Organizations that wish to reduce or eliminate instances of unauthorized access to sensitive data can implement a structured risk management process to identify potential information security risks and identify strategies for mitigating them. Each organization must develop an individualized approach to information security, as individual companies have different methodologies and requirements for collecting, storing, using and transmitting data. An organization can begin its risk management initiative by:
- Identifying informational assets within the business that need to be protected. This often includes things such as the identity of customers, specific data collected about customers such as health data or payment card information, intellectual assets and internal communications or documents.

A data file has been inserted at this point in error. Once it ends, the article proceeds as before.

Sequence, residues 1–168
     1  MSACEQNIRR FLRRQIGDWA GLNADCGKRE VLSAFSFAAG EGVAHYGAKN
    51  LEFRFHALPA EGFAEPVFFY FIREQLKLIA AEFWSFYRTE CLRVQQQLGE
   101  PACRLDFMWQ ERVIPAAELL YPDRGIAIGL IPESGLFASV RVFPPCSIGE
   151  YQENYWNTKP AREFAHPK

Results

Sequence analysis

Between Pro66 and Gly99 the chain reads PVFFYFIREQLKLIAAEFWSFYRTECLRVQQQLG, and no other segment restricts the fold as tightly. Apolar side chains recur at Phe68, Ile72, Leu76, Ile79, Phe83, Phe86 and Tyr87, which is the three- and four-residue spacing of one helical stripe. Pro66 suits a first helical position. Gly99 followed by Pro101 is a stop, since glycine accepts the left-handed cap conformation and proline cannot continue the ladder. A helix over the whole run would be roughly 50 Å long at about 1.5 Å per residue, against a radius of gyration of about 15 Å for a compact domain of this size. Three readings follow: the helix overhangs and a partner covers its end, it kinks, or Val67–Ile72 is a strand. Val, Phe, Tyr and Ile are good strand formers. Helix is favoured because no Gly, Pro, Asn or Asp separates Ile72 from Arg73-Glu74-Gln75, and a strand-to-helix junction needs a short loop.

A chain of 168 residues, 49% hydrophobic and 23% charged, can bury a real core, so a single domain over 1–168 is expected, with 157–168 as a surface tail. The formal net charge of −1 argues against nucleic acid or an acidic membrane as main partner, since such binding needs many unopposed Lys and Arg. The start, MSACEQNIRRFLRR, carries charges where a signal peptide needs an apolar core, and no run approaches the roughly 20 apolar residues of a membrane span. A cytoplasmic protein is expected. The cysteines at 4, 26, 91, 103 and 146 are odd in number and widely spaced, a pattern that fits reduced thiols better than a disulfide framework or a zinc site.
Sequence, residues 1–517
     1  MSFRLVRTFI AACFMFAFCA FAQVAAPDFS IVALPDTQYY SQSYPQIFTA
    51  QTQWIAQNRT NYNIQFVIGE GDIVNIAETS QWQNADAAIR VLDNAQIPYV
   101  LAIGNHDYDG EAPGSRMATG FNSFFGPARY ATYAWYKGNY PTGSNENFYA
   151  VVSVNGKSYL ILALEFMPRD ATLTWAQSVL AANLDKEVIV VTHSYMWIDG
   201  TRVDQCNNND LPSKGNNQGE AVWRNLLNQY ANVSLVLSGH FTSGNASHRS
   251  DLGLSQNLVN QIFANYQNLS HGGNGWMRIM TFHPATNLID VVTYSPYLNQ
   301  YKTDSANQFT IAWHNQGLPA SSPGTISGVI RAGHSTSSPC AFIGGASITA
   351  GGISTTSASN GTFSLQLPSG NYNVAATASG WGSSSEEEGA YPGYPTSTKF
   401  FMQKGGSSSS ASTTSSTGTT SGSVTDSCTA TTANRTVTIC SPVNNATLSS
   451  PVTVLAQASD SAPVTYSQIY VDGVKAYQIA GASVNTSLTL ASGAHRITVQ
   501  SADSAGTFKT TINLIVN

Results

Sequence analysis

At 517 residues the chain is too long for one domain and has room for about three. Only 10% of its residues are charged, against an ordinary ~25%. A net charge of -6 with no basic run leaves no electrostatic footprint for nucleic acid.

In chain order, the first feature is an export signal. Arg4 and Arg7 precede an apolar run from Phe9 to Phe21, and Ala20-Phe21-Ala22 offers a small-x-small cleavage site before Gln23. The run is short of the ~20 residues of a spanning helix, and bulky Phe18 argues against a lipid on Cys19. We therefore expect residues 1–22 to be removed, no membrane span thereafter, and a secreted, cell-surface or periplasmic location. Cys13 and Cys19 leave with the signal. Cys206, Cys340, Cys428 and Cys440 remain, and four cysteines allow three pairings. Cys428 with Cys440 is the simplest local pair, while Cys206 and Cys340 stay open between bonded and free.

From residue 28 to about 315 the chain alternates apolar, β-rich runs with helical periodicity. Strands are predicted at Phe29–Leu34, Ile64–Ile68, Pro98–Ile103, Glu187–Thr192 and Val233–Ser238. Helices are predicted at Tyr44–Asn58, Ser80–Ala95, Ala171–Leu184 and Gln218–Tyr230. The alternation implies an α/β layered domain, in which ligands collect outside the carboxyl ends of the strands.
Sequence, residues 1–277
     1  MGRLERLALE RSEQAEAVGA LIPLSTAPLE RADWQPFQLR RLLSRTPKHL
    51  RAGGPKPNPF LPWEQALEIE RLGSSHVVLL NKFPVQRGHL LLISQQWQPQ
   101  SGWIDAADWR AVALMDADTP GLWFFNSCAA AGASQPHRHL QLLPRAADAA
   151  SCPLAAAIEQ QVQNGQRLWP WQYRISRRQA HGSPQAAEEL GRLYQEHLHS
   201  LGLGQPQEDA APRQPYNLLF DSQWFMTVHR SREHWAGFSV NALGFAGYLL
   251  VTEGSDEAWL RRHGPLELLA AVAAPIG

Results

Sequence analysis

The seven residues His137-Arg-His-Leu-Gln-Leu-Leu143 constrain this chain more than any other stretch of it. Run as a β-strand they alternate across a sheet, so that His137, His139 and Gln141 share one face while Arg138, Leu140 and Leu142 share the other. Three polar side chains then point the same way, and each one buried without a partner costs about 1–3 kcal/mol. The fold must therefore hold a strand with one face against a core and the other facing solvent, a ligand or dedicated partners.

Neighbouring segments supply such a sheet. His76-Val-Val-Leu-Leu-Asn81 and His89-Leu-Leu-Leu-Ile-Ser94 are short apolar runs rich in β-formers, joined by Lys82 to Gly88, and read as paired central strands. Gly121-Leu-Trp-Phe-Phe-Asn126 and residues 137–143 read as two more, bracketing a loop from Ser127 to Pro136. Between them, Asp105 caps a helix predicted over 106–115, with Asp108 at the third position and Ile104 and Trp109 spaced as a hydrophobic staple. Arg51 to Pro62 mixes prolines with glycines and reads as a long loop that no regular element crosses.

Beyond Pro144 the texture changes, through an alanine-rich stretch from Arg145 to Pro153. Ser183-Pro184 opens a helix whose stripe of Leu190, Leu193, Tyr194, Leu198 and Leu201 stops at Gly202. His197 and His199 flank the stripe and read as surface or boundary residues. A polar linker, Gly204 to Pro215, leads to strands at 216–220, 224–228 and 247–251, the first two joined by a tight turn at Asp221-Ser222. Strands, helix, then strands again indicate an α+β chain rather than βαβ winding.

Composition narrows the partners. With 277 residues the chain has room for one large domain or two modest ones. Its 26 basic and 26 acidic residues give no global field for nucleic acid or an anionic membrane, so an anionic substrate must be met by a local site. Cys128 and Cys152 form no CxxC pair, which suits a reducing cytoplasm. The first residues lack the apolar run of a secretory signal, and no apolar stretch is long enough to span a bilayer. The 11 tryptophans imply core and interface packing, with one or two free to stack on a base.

- Identifying potential threats, vulnerabilities and impacts with respect to each asset.
- A threat is the "what" of a security risk. It could be a malware attack or a wave of phishing e-mails.
- A vulnerability is the "how" of a security risk. We want to identify the possible attack vectors and ask how each identified threat could manifest itself within our environment.
- An impact is what happens when the threat is realized. Some threats might have low impacts and others might have very high impacts to the business.